By Tracy Record
West Seattle Blog editor
You might have noticed fewer advertising A-frame signs on streetcorners in recent weeks.
For a while earlier this year, it seemed every intersection in West Seattle had a cluster on weekends – mostly advertising the bigger new apartment complexes around town, even a building in Columbia City, six miles away.
Then the city cracked down and issued warnings – with one local entrepreneur as a sort of bycatch.
John Bennett, owner of Luna Park Café, got a $500 citation for an A-frame sign his restaurant had long placed at Harbor/Avalon/Spokane (same location as the top photo), half a block from his café, meant to catch the attention of people coming off the bridge to head toward the West Seattle waterfront.
He’s fighting the citation and has an appeal hearing this week.
Bennett didn’t seek out attention for this challenge. We happened to notice the appeal hearing, originally scheduled for early May, while making a routine check of the city Hearing Examiner‘s website, an occasional source of stories. But he wasn’t hesitant to talk about it when we contacted him.
First, we should point out that the city says A-frame signs are only supposed to be allowed immediately adjacent to the business they promote. That’s what the citation, issued March 29th, noted. (Here’s the full sign code online.)
Bennett’s appeal, filed less than two weeks later, has just one sentence: “My sign has been there for 27 years.”
In a phone interview, he told us, “I understand what the city’s saying … (but) if you’re a small business, you should be able to have your signboards, within reason, in the same block.” A multimillion-dollar apartment development that’s nowhere nearby – whether in The Junction, a mile or so west, or that one in Columbia City – not so much. So that’s why the original warning didn’t make sense, he said. “(The developers) are putting up these A-boards and putting them all over the city … it got out of control and there were a dozen A-boards for every apartment building. So the city sent out [warning] notices … I just assumed they were talking about these apartment A-boards and didn’t do anything.”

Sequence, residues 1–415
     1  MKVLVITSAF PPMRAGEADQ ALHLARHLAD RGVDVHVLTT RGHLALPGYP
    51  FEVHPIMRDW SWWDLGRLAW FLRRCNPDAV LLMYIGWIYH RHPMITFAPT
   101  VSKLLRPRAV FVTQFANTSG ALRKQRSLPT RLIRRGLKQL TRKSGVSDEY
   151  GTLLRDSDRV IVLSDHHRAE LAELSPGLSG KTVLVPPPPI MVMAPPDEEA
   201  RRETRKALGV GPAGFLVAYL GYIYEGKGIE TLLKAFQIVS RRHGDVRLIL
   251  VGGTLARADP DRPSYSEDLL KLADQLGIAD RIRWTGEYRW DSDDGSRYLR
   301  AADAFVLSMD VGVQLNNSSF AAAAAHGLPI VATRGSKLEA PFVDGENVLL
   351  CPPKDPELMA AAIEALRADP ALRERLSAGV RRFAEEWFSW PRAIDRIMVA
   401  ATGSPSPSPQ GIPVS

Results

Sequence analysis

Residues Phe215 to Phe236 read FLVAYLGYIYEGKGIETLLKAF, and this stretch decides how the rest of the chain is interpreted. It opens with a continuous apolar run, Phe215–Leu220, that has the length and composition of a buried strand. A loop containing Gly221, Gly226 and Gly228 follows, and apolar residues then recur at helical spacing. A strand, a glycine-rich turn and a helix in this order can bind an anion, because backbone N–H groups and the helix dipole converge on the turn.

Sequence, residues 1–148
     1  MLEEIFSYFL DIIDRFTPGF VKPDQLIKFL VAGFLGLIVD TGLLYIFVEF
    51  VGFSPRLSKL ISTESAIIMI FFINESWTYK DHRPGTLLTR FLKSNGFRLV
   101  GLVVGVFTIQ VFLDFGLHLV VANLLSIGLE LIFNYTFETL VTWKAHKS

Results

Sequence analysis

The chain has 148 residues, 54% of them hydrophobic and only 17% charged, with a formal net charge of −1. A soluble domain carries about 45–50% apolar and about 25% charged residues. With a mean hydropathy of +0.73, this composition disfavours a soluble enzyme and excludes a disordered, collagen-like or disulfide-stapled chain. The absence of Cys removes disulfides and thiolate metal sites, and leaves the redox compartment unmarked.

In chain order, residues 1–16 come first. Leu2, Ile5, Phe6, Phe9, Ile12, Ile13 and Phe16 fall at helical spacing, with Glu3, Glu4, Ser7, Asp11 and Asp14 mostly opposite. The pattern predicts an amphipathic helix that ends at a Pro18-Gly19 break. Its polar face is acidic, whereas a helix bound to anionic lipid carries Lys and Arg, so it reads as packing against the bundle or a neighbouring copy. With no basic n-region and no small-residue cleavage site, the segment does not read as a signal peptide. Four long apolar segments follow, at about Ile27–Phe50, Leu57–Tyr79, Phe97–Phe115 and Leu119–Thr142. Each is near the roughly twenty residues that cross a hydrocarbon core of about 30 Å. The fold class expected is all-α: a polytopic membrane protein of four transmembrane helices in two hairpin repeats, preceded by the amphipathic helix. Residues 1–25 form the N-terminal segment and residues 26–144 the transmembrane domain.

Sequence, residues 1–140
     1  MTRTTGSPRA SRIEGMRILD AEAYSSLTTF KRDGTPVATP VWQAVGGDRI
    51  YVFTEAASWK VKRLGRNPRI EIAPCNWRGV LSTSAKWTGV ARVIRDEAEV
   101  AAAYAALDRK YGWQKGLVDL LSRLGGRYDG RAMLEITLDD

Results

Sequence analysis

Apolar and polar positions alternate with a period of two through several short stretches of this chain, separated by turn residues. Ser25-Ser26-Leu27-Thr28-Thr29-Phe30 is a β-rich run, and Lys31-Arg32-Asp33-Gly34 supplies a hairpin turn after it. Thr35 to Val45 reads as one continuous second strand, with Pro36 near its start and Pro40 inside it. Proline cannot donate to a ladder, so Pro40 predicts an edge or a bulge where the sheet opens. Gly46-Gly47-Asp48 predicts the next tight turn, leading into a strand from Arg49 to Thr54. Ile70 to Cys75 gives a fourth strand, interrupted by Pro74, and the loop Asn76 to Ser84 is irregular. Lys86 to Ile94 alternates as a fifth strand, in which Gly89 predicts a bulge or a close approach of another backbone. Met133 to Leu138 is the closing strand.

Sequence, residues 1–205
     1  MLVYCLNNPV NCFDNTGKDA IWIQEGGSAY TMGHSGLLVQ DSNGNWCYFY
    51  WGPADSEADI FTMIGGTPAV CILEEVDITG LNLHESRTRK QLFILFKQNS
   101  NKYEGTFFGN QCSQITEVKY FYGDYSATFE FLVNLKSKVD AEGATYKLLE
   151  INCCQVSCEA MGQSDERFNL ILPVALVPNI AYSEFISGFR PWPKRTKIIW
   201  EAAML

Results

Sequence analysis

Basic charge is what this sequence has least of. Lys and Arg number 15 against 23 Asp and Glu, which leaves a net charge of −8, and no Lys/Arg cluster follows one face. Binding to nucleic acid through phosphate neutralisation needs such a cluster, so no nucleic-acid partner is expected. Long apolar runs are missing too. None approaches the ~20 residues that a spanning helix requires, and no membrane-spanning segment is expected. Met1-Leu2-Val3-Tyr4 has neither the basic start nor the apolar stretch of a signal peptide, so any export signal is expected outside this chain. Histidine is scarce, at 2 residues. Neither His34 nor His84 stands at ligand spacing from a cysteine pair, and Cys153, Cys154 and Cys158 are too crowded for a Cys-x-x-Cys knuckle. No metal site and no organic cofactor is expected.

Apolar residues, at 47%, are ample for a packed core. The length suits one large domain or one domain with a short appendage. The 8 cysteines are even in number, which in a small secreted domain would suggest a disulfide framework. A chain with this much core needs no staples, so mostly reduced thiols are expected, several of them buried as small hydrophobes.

Eventually, that resulted in the $500 citation – which he calls “ridiculous. Another way the city of Seattle is trying to discourage small business. Why do I feel like the city is my enemy? The city should be encouraging small business.” (Two weeks after Bennett’s $500 citation was issued, the mayor declared that “Small businesses are essential to the economy of our city,” while announcing an advisory committee about “commercial affordability.”)
The A-board rules aren’t the only thing he says are running contrary to that stated goal; he mentions the trials and tribulations of a tenant of his elsewhere in West Seattle who he says has been dealing with a variety of demands while trying to put in outdoor seating, while another arm of city government is trying to encourage converting parking spaces into “streateries.” “Does one hand know what the other hand is doing?”
In the case of sign enforcement, SDOT’s Angela Steel told us when we inquired, one hand is the city, the other is that of its citizens. A-frame signs, she said, are investigated “on a complaint basis … We want to be sure mobility is maintained on sidewalks, and (businesses) should be having their signs in front of the actual business.”
Citations, she said, are not issued at the start of the process – “we get a complaint, we investigate, we send a warning to the business, and after two warnings, we cite.”
How many citations? we asked. According to Steel, 185 warnings for A-frame signs were issued last year, with 23 citations resulting. As of late April, she said, the city had issued 47 warnings, and 9 citations.
One, to John Bennett’s Luna Park Café. The appeal hearing is scheduled for next Thursday (May 19th) at 1:30 pm at the Hearing Examiner’s chambers in the city Municipal Tower downtown.
Meantime, A-frames for apartments continue turning up away from their sites:
Those were in front of the 35th/Avalon 7-11 one day in early May.